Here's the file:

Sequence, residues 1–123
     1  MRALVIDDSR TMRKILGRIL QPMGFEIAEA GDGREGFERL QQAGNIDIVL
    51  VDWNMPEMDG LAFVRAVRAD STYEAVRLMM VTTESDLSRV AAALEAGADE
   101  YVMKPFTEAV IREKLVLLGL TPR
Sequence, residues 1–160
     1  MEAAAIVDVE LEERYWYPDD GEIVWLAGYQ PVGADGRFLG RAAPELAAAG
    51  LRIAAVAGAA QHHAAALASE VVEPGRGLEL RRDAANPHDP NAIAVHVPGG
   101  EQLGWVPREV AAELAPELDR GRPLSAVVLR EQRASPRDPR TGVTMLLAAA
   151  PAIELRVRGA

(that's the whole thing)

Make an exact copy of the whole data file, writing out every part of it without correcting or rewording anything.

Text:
Sequence, residues 1–123
     1  MRALVIDDSR TMRKILGRIL QPMGFEIAEA GDGREGFERL QQAGNIDIVL
    51  VDWNMPEMDG LAFVRAVRAD STYEAVRLMM VTTESDLSRV AAALEAGADE
   101  YVMKPFTEAV IREKLVLLGL TPR
Sequence, residues 1–160
     1  MEAAAIVDVE LEERYWYPDD GEIVWLAGYQ PVGADGRFLG RAAPELAAAG
    51  LRIAAVAGAA QHHAAALASE VVEPGRGLEL RRDAANPHDP NAIAVHVPGG
   101  EQLGWVPREV AAELAPELDR GRPLSAVVLR EQRASPRDPR TGVTMLLAAA
   151  PAIELRVRGA